• the mark is the same as, or a close approximation of, the name or identity previously used by another person or institution;
  • the mark would be recognised as such, in that it points uniquely and unmistakably to that person or institution;
  • the person or institution named by the mark is not connected with the activities performed by the applicant under the mark; and
  • the fame or reputation of the person or institution is such that, when the mark is used with the applicant’s goods or services, a connection with that person or institution would be presumed.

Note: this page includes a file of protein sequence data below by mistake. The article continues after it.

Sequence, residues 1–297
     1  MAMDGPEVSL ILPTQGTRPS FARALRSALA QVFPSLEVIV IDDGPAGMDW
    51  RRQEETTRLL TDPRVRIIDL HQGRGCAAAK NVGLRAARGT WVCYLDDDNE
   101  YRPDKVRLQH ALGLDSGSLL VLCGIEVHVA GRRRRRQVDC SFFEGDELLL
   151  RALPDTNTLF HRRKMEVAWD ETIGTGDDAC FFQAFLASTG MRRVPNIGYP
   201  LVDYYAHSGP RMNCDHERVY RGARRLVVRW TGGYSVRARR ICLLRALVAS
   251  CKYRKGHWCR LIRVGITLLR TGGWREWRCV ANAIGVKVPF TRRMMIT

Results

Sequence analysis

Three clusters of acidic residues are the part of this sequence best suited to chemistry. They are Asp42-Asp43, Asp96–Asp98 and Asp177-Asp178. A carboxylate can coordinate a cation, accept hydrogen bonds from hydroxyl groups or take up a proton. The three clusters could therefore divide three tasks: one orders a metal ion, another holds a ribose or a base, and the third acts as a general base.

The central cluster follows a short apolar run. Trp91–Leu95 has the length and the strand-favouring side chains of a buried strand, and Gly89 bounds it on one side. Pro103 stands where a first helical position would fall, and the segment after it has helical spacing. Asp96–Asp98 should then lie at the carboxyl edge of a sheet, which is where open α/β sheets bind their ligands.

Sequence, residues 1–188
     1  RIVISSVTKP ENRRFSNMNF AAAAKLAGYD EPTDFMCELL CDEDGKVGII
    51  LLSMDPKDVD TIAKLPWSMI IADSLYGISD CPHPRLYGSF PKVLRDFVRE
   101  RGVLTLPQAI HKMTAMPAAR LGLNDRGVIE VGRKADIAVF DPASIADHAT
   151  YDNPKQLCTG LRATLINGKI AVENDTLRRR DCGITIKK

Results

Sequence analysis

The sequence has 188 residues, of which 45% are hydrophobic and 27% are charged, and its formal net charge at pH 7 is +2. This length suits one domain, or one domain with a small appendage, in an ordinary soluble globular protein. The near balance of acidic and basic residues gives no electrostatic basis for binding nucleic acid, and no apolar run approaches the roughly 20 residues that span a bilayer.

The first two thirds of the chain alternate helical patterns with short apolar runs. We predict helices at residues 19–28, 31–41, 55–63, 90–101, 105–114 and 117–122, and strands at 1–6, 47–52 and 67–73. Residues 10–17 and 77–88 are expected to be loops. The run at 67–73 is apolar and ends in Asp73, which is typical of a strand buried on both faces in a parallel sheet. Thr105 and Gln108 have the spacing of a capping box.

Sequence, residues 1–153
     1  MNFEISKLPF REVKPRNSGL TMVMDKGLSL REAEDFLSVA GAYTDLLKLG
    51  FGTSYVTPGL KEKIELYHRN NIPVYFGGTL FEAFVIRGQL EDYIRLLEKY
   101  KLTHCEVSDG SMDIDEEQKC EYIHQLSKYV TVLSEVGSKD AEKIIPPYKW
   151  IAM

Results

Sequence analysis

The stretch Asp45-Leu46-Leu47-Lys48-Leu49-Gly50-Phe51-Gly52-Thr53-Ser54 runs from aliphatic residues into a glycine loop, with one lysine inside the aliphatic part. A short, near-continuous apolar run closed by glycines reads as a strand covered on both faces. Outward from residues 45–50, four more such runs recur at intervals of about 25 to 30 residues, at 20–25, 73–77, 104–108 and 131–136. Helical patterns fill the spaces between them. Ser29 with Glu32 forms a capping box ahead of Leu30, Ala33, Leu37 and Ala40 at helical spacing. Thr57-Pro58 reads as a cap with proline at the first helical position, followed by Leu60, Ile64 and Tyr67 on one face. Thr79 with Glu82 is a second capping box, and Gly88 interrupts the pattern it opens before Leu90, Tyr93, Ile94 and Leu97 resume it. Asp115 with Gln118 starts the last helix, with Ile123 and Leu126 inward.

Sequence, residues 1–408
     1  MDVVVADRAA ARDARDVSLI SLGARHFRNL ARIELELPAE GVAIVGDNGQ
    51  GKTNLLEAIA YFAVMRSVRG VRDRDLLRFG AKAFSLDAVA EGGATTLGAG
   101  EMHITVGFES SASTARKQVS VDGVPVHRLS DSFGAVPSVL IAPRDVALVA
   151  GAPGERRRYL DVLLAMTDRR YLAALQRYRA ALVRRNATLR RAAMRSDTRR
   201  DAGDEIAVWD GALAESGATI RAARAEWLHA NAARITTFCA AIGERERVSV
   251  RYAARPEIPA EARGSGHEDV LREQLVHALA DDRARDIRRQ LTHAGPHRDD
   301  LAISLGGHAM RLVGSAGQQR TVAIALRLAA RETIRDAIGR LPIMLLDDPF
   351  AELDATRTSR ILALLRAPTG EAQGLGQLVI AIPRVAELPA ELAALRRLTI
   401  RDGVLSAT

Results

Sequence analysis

While the factors appear to address the mark as a whole, the analysis seemed to focus on component parts. Also, in contrast to a refusal based on a likelihood of confusion, the factors notably do not evaluate whether the person or institution consented or otherwise did not object to the applicant’s adoption of the mark.

The examining attorney contended that the design element of the mark not only was a close approximation of a feature of the famous Mickey Mouse character, but also contained the term ‘Mouse’; consumers were therefore likely to falsely associate the mark with Mickey Mouse and Disney. Her evidence included:

  • articles discussing the history of the Mickey Mouse character;
  • images from webpages featuring the character;
  • public comments and statements made about the character; and
  • an online Disney Store product listing for the “Mickey Mouse Made With Magic Mickey Mitt Plush Glove”, depicting a three-fingered glove.